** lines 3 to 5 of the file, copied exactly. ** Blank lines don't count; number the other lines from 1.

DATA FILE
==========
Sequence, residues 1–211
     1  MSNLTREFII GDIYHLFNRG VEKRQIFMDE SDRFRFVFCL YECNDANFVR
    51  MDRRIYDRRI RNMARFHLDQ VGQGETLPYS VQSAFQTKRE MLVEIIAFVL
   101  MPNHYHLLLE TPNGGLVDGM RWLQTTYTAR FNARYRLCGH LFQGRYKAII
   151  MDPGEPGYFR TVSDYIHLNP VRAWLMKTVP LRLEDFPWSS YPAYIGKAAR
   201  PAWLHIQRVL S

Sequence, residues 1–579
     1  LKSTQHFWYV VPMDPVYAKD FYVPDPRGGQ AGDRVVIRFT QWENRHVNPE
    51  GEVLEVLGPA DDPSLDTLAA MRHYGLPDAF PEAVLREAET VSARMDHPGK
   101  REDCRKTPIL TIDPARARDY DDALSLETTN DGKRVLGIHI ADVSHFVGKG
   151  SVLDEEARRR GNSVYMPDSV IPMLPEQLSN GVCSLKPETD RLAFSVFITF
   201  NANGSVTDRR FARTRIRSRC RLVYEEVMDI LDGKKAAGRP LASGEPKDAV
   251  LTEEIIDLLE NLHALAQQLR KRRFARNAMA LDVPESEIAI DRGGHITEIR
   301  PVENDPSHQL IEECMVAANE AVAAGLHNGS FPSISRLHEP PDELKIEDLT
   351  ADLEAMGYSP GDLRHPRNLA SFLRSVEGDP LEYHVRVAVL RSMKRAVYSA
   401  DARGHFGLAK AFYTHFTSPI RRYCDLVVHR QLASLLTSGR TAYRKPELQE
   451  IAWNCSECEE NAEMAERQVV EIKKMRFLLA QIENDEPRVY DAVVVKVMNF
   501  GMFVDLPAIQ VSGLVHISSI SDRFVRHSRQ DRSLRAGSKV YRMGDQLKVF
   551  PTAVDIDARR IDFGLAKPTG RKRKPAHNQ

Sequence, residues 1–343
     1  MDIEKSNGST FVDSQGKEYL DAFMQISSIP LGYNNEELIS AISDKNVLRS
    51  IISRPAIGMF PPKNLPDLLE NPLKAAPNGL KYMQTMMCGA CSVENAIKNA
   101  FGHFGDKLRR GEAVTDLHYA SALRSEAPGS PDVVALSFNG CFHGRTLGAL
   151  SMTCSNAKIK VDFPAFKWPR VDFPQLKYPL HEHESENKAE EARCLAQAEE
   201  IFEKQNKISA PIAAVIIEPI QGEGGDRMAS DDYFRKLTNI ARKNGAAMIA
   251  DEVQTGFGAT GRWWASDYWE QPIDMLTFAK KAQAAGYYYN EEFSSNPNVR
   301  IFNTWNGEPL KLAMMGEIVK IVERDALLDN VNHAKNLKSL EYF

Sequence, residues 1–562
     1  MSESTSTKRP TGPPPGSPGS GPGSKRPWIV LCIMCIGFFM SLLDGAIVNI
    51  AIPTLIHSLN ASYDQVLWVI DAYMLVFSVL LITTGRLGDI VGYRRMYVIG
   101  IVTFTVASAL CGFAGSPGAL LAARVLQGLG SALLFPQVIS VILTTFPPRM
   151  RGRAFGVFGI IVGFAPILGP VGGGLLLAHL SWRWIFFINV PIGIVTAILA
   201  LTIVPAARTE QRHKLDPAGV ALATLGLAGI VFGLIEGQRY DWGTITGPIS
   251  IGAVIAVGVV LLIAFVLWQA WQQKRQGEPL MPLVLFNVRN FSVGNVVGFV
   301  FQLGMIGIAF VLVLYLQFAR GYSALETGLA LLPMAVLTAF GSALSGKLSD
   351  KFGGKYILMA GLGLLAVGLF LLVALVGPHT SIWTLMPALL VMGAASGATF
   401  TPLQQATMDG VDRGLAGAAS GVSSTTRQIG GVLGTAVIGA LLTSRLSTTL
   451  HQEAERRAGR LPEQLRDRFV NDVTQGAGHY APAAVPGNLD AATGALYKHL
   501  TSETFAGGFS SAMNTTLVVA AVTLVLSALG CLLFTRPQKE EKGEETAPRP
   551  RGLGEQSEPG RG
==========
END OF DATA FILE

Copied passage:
    51  MDRRIYDRRI RNMARFHLDQ VGQGETLPYS VQSAFQTKRE MLVEIIAFVL
   101  MPNHYHLLLE TPNGGLVDGM RWLQTTYTAR FNARYRLCGH LFQGRYKAII
   151  MDPGEPGYFR TVSDYIHLNP VRAWLMKTVP LRLEDFPWSS YPAYIGKAAR